how 'hereditary' took alex wolff to hell
From child star to scream king, 20-year-old Alex Wolff is the breakout star of this year’s most talked about horror film, 'Hereditary'.
This article originally appeared in i-D's The Earthwise Issue, no. 353, Fall 2018.
Alex Wolff didn’t know he was going to be in the most talked about horror film of the year. Alex Wolff didn’t know he was going to be in a horror film at all. The 20-year-old actor – who rose to fame, alongside his brother, Nat, as child stars of Nickelodeon’s The Naked Brothers Band in 2007 – first sat down to read Hereditary in much the same way you hope moviegoers will have sat down to watch it in multiplexes throughout the summer; hushed, open and oblivious to the nightmare about to unfold.
“I didn’t know it was a horror movie. I didn’t know until the big thing happened,” the Manhattan native says in reference to a scene around a third of the way into the movie; shifting the tone from quiet, familial drama to stomach-turning, head-in-hand horror like a well-hoofed football to the stomach. “Until that point I just thought, ‘wow, this is a very well written description of a teenager’. Then I like to say it smokes crack, goes to hell and you just watch it spiral out of control.”
Alex plays Peter, the 16-year-old son of affable father Steve (Gabriel Byrne) and grief-stricken mother Annie (played with agonizing intensity by a magnificent Toni Collette). The movie follows the family’s fallout from the death of their mysterious grandmother, and the big thing in question involves Peter and his 13-year-old sister Charlie (Milly Shapiro) -- a character whose repeated tongue-clicks are certain to push viewers with a noisy combi boiler to the edge of insanity.
What’s remarkable about Alex’s performance is that it doesn’t play out like standard horror movie fare. It’s a very quiet, very human, very teenage reaction to an almost unimaginable act of destruction. You’re left thinking – god, what would I do in that situation. “I think it’s important to say that the reason it didn’t feel like a horror movie is because it didn’t feel like a horror movie to make,” Alex agrees. “It felt like a very, very, very upsetting movie to make. Ari Aster is a brilliant director and I think that’s what makes the movie more scary – we’re really being put through the wringer emotionally.”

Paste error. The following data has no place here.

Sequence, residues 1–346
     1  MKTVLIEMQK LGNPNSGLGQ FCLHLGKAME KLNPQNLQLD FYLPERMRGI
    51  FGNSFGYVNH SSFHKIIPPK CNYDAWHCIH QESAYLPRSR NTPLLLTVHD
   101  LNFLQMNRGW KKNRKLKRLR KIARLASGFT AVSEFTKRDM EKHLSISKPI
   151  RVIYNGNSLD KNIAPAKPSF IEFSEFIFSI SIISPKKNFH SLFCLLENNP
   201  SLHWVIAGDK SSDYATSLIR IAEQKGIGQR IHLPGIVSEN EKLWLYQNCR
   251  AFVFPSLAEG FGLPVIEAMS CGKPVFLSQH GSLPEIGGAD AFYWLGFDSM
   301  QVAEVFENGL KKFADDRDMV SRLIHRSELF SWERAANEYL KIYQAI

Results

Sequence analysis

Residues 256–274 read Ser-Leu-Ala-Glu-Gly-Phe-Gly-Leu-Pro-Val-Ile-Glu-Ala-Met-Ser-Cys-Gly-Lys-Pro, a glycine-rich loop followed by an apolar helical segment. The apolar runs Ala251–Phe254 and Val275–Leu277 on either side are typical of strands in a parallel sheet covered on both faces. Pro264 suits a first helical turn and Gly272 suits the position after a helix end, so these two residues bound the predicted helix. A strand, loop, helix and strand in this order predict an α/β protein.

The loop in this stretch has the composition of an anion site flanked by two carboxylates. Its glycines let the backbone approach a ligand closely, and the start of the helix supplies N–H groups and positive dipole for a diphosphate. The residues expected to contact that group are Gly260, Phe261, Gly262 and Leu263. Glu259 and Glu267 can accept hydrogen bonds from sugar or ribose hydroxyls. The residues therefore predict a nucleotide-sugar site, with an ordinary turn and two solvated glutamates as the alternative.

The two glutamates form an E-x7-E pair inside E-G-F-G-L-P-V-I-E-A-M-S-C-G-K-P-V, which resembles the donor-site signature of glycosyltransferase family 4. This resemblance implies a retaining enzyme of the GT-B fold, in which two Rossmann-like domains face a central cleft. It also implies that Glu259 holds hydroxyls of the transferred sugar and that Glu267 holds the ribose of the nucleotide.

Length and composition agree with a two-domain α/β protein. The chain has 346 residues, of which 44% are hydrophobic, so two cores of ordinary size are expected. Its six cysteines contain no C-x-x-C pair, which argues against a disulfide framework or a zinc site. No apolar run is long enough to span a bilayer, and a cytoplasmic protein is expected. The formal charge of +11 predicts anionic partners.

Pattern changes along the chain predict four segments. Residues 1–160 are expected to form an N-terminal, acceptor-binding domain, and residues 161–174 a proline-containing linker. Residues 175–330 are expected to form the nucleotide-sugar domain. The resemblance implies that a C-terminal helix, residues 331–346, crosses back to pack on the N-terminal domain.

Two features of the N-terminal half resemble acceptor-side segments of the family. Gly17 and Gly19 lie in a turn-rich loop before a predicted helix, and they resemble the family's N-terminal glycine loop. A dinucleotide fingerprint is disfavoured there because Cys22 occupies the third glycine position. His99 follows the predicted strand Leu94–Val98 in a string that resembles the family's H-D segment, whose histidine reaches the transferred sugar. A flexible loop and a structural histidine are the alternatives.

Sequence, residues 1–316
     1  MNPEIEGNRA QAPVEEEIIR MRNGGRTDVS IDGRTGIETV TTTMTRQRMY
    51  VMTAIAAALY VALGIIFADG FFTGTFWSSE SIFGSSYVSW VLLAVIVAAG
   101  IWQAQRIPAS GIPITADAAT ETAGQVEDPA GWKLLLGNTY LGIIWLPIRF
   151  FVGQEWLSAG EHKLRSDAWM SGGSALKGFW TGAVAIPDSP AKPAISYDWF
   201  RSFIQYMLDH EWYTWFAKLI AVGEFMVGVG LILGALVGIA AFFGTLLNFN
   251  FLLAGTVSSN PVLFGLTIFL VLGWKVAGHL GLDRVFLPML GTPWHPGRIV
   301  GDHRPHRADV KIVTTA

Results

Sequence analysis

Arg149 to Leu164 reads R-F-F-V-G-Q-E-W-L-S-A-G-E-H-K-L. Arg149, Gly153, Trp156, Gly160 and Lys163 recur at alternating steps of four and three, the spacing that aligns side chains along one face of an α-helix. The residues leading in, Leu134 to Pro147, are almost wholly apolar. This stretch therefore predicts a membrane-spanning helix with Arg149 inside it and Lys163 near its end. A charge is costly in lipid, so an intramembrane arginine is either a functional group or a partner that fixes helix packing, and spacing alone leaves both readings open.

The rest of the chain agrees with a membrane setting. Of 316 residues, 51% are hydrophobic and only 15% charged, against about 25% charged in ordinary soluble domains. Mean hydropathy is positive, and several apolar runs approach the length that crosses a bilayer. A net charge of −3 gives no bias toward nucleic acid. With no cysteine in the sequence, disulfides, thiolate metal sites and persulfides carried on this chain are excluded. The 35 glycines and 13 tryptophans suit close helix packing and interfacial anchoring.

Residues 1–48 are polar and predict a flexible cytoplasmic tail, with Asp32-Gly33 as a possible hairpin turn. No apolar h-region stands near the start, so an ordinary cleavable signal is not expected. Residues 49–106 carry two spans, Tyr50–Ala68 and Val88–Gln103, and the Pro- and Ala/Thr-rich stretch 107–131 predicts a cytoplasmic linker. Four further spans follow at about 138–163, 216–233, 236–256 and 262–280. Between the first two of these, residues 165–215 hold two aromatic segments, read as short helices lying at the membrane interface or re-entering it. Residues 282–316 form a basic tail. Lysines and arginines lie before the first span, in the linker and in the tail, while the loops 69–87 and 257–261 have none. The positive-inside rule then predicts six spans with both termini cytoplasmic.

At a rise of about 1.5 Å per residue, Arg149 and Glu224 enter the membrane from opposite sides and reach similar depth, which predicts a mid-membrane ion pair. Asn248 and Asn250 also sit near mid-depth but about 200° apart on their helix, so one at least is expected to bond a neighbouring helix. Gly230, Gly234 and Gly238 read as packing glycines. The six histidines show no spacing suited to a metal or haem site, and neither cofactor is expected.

It’s something that audiences can’t seem to get enough of. From Get Out to Raw, IT to Stranger Things and, most recently, John Krasinski’s A Quiet Place, Hollywood horror has undergone an unprecedented resurgence of late. Be it the daily grind of the news cycle, or some deep-set fears rising to the surface of American society, more and more of us are turning to horror as a form of escape; an emotional release at a time when the whole planet seems to have spiraled out of control.
“It was really exciting but it took its emotional toll. At times it was just grueling and miserable to be totally honest,” but there was a catharsis there too. “It felt like going through a therapy session, having an upsetting time that breaks through. The only thing in my career that’s been on a par was doing a play. But I would say that this is the number one most challenging thing I’ve done and probably ever will do.”
It is certainly a far cry from his performance in The Naked Brothers Band, a lighthearted mockumentary series created, produced, written and directed by his mother (the actress Polly Draper). Dubbed Nickelodeon’s answer to Hannah Montana, Alex and his brother performed the role of drummer and singer in a fictional rock band for two years; spawning three seasons, two albums of bubblegum rock and a Guitar Hero-style video game. “If I watch something of me when from I’m eight years old, I’m like, ‘wow, look at how free I am’,” he says of his early exposure to acting. “But if I watch things from the ages of like 11 to 16, I’m like, ‘ugh, what am I doing?!’ There’s a thing where you start trying to protect yourself and start trying to build up who you are as a person. So I’ve found the process of the past however many years to be basically unlearning whatever it was that I learned after becoming a teenager. Trying to tap back into whatever I had when I was a kid, reacting to things in the moment and really focusing on what’s going on right in front of you.”
While Alex continues to release music with his brother under the moniker of Nat & Alex Wolff, his latest focus takes him behind the camera for the very first time. His directorial debut, The Cat and the Moon, is slated for a 2019 release and follows the story of a kid that goes to live with an older jazz musician, while his mum is placed in a rehab facility. It’s another string to the bow of a young actor who, from child star to scream king, seems reluctant to be pinned down.
“There’s this phrase that I like, which Ethan Hawke uses, that different branches of art are sort of fingers of a fist,” he says. “You know music is one finger, acting is one finger, directing is one finger, and they all make up this sort of artist fist. They’re all parts of the same thing, and they’re all equally stimulating for me.
“I feel like there’s this weird pressure, whereby people make you choose if you do a bunch of things,” he continues. “But I’ve always liked Kanye’s whole idea of being like, I can do whatever I want. Tomorrow, if I want to be a sculptor, I’ll be a sculptor. I like that freedom and I just hope people will just get on board with that.”
How about getting on board with another horror movie in the future? “Oh, I don’t know about that,” he laughs. “I mean, it would have to depend. If it was Ari, then yes. But I don’t think I’m looking for a horror. There are probably not very many movies like this, ever.”
Photography Zachary Chick
Styling Mark Jen Hsu
Grooming Jessica Ortiz at Forward Artists. Set design Two Hawks Young. Styling assistance Tolganay Seitzkazina.
This article originally appeared on i-D UK.